The latter is the correct translation (one must be silent) from the Ogden/Ramsey translation. There are two major English translations - Ogden/Ramsey made by a Cambridge LW colleague and a close personal friend of LW - and the Pears/McGuinness translation printed 10 years after LW died. Pears/McGuinness arguably has some benefit in its entirety however for the text cited it is completely misleading. As a result I have updated the translation and relevant citation. Jaydubya93 (talk) 21:45, 11 March 2014 (UTC)

Was Wittgenstein in the left hand corner of a school photograph with Hitler?[edit]

I agree that Wittgenstein's possibly having been at the same school, and at the same time, as Hitler is (possibly) worth a (passing) mention. I also agree that whether the fact is mentioned here has little bearing on whether it is mentioned in the Adolf Hitler article (and vice versa). However, in an encyclopaedia article on one of the leading philosophers of the 20th century, is it really appropriate to have all this on the details, including the distance between their birthdays, whether Hitler and Wittgenstein met at school, whether Hitler probably (would have) liked Wittgenstein if he did meet (had met?) him, and whether they are both on the same school photograph?:

Adolf Hitler was at the same school for part of the same time.[1] Laurence Goldstein argues it is "overwhelmingly probable" the boys met each other: that Hitler would have disliked Wittgenstein, a "stammering, precocious, precious, aristocratic upstart ...".[2] Other commentators have dismissed as irresponsible and uninformed any suggestion that Wittgenstein's wealth and unusual personality may have fed Hitler's antisemitism, in part because there is no indication that Hitler would have seen Wittgenstein as Jewish.[3]

Wittgenstein and Hitler were born just six days apart, though Hitler had been held back a year, while Wittgenstein was moved forward by one, so they ended up two grades apart at the Realschule.[4] Monk estimates they were both at the school during the 1904–1905 school year, but says there is no evidence they had anything to do with each other.[5] Several commentators have argued that a school photograph of Hitler may show Wittgenstein in the lower left corner,[6] but Hamann says the photograph stems from 1900 or 1901, before Wittgenstein's time.[7]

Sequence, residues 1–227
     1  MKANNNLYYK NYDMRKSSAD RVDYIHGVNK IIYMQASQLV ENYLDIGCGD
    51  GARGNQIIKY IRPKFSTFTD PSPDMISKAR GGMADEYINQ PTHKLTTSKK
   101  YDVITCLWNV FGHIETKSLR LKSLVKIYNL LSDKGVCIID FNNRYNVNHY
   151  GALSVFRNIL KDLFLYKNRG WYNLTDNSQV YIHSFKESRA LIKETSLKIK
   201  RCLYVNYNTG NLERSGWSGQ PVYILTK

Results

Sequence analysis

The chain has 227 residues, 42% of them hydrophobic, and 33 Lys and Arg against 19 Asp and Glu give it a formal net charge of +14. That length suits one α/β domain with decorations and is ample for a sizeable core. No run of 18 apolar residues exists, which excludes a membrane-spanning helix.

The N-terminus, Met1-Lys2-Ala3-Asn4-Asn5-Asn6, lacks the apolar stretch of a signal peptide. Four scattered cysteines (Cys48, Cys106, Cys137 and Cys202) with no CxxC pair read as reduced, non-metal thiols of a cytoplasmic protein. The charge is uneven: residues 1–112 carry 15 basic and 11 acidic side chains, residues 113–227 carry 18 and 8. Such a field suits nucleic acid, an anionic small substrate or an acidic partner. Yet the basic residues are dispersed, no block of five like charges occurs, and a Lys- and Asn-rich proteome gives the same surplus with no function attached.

1. ^ For the view that Wittgenstein saw himself as completely German, not Jewish, see McGuinness, Brian. "Wittgenstein and the Idea of Jewishness", and for an opposing view, see Stern, David. "Was Wittgenstein Jewish?", both in James Carl Klagge. Wittgenstein: Biography and Philosophy. Cambridge University Press, 2001, pp. 231ff and p 237ff respectively.
  2. ^ Goldstein, Lawrence. Clear and Queer Thinking: Wittgenstein's Development and his Relevance to Modern Thought. Duckworth, 1999, p. 167ff. Also see "Clear and Queering Thinking", review in Mind, Oxford University Press, 2001.
  3. ^ McGinn, Marie. "Hi Ludwig", Times Literary Supplement, 26 May 2000.
  4. ^ Hitler started at the school on 17 September 1900, repeated the first year in 1901, and left in the autumn of 1905; see Kersaw, Ian. Hitler, 1889-1936. W. W. Norton & Company, 2000, p. 16ff.
    • McGuinness, Brian. Wittgenstein: a life : young Ludwig 1889-1921. University of California Press, 1988, p. 51ff.
  5. ^ Monk, p. 15.
    • Brigitte Hamann argues in Hitler's Vienna (1996) that Hitler was bound to have laid eyes on Wittgenstein, because the latter was so conspicuous, though she told Focus magazine they were in different classes, and she agrees with Monk that they would have had nothing to do with one another. See Hamann, Brigitte and Thornton, Thomas. Hitler's Vienna: A Dictator's Apprenticeship. Oxford University Press, 2000, pp. 15–16, 79, and Thiede, Roger. "Phantom Wittgenstein", Focus magazine, 16 March 1998.
  6. ^ For examples, see Cornish, Kimberley. The Jew of Linz. Arrow, 1999.
  7. ^ Thiede, Roger. "Phantom Wittgenstein", Focus magazine, 16 March 1998.
    • The German Federal Archives says the image was taken "circa 1901"; it identifies the class as 1B and the teacher as Oskar Langer. See the full image and description at the Bundesarchiv. Retrieved 6 September 2010. The archive gives the date as circa 1901, but wrongly calls it the Realschule in Leonding, near Linz. Hitler attended primary school in Leonding, but from September 1901 went to the Realschule in Linz itself. See Kershaw, Ian. Hitler, 1889-1936. W. W. Norton & Company, 2000, p. 16ff.
    • Christoph Haidacher and Richard Schober write that Langer taught at the school from 1884 until 1901; see Haidacher, Christoph and Schober, Richard. Von Stadtstaaten und Imperien, Universitätsverlag Wagner, 2006, p. 140.

--Boson (talk) 23:11, 14 November 2013 (UTC)

Comment[edit]

Ashford for claims[edit]

Concerning [1]. Where does the Ashford piece back these claims? For example, the claim about Augustine? Ashford actually says the opposite: "Wittgenstein cites [Augustine's view] as illustrative of a particularly widespread misunderstanding of language." (p. 360). And that's all he says about Augustine's influence on Wittgenstein. --Atethnekos (DiscussionContributions) 22:59, 7 April 2014 (UTC)